WASHINGTON – The White House convened a mega-summit on Countering Violent Extremism, with the participation of 65 countries. To accomplish what? Nothing. Absolutely nothing. This excessively large number, 65 governments, big and small, relevant and irrelevant, means that there is no serious purpose.
And by “serious purpose” I mean the intention to reach or deepen agreements on intelligence sharing, threat assessment, joint operations protocols, concerted actions, and more. These are the serious things you talk about with may be three or four motivated players at the table. Not at a convention with 65 government representatives.
This event is a modest public relations effort that will change almost nothing. Even worse, Obama’s carefully crafted speeches in which he talked about violent extremists but refused to say that this extremism is rooted in some interpretation of Islam shows a reluctance to admit that our enemy is an ideology, and not some generic expression of destructive violence that has no particular foundation or goal.
Look, I fully admit that saying clearly that “We are fighting people who believe in a radical interpretation of Islam” is not, by itself, a recipe for victory. But not saying it is an indication of confusion that breeds more confusion.
It is all about poverty
And this becomes really clear when Obama and Secretary of State John Kerry, in addressing the audience, espoused the shopworn and misleading “poverty-is-the-root-of-terrorism” theory.
“Yes, Ladies and Gentlemen, it is all about poverty and lack of hope. If these young men could get an education and then a job, then they would not be tempted to subscribe to extreme ideas whereby justice can take place only through the violent destruction of those who protect the old order.”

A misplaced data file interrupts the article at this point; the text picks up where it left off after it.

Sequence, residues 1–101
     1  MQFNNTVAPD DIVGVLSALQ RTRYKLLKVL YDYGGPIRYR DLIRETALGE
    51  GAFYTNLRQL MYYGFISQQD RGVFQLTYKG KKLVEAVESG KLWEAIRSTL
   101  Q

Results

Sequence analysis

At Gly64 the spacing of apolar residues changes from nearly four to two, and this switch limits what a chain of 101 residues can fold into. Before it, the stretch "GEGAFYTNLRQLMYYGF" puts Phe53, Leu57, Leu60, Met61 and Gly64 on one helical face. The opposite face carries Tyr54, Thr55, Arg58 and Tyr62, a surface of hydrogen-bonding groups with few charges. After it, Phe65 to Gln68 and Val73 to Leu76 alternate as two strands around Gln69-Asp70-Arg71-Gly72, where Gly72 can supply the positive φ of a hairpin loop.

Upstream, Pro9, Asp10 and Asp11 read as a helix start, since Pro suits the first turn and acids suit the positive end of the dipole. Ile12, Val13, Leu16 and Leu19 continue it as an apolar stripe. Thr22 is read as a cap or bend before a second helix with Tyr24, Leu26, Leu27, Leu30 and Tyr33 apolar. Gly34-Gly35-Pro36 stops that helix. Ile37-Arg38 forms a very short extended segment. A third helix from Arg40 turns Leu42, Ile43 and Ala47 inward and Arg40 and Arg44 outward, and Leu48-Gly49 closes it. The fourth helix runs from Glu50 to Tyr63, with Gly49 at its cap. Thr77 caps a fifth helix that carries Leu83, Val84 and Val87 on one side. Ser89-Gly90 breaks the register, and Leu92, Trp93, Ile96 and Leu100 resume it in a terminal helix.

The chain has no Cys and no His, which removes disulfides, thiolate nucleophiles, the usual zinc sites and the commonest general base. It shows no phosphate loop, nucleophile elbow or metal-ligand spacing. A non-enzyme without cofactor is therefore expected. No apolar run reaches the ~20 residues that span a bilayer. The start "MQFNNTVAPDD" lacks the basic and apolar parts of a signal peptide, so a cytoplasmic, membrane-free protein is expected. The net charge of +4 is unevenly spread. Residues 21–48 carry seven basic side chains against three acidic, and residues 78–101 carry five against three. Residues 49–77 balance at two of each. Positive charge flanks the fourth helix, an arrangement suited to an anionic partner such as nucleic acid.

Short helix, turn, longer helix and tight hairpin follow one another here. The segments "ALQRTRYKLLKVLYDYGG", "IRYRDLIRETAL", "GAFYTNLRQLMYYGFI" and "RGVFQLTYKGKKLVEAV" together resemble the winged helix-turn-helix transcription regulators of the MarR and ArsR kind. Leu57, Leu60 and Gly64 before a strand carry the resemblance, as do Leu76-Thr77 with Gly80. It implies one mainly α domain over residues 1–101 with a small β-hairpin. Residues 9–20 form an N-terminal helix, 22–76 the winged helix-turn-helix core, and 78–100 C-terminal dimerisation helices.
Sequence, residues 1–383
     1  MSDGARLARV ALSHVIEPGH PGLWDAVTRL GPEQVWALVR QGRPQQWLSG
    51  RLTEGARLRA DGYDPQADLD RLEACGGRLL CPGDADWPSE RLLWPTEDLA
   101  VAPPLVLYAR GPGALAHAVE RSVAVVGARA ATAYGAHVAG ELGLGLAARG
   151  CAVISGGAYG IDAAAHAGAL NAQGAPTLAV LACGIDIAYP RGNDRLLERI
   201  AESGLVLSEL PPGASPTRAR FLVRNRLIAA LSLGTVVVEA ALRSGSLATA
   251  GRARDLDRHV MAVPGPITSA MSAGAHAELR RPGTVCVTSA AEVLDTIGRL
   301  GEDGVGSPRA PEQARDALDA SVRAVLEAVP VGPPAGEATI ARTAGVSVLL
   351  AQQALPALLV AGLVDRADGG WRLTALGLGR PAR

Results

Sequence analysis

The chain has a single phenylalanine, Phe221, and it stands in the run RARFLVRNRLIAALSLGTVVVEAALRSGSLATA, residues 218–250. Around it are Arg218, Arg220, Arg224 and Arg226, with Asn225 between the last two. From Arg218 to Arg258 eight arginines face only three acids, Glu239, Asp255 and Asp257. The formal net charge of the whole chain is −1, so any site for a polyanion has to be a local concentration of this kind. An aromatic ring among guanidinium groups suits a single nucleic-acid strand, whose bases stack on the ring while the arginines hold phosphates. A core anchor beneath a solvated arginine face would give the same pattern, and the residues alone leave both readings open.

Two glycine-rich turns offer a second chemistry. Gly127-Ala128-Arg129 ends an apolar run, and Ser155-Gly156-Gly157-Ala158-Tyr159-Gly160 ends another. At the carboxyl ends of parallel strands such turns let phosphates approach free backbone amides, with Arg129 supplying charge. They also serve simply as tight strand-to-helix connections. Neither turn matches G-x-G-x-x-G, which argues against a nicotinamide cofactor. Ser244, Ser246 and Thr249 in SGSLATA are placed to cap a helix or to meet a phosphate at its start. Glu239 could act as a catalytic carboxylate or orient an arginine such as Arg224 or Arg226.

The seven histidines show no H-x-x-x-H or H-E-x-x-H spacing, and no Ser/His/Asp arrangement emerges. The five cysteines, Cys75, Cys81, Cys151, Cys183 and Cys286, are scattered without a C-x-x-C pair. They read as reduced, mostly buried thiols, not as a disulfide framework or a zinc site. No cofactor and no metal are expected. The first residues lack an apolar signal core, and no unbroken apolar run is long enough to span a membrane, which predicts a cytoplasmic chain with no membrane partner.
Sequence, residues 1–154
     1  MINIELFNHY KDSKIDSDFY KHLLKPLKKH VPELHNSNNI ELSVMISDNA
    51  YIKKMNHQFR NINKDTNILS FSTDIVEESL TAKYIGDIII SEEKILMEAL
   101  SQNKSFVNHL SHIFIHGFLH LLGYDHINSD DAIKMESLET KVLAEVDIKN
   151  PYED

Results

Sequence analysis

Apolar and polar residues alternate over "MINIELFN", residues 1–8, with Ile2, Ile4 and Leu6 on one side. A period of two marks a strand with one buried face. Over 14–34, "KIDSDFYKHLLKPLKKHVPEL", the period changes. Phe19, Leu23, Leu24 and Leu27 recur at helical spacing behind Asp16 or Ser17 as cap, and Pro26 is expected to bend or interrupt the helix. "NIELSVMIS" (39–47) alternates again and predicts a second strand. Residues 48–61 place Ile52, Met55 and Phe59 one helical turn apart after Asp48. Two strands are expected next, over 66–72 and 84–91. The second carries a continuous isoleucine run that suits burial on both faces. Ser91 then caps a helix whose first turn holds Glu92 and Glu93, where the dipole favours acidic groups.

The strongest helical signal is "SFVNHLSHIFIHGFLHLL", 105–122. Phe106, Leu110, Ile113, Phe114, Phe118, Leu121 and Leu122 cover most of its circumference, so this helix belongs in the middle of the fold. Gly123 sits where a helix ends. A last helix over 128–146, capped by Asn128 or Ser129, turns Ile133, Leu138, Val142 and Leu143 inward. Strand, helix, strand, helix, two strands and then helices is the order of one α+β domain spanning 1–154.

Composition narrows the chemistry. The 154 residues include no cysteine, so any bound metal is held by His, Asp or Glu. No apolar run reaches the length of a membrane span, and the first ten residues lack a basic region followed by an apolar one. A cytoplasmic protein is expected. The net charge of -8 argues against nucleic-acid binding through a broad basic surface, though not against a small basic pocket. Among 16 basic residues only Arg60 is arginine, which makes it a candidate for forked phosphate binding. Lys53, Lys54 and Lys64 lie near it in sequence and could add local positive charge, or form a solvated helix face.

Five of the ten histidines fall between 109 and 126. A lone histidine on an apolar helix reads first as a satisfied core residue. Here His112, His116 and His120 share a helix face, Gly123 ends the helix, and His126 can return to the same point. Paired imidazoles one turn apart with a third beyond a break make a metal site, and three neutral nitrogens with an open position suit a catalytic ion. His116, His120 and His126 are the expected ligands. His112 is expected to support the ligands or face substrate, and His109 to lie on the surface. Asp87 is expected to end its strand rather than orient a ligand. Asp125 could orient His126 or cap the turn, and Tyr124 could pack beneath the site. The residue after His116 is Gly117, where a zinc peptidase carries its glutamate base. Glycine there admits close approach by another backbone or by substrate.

Create growth and this will stop extremism
Therefore, according to Obama, here is the remedy. The societies that have seen the growth of extremism within themselves should engage in enlightened reforms. They should promote development, prosperity and jobs.
And this will be the end of extremism.
This is a bland, and almost meaningless explanation. Of course, as in every broad generalization, there are elements of truth. Poverty can create tensions; and tensions may find political vehicles, some of them based on violent ideologies. But to say that there is a direct cause and effect relationship between poverty and the terrorism phenomenon we are dealing with today is absurd.
Poor countries, Muslim and non-Muslim, with no terrorists
if this were the case, then Bangladesh, a Muslim and extremely poor country, should be a hot bed of terrorism. And we should see a lot more terrorists come from Indonesia, a large Muslim country in which millions are poor.
Finally, we should have plenty of terrorists among the 172 millions of Muslims in India. But we do not.
And how about the non-Muslim poor or very poor Hindus? Why aren’t they terrorists? If we say that terrorism is about poverty and not about religion or ideology, then in many if not most poor countries we should find plenty of terrorists. But we do not.
Terrorists are not poor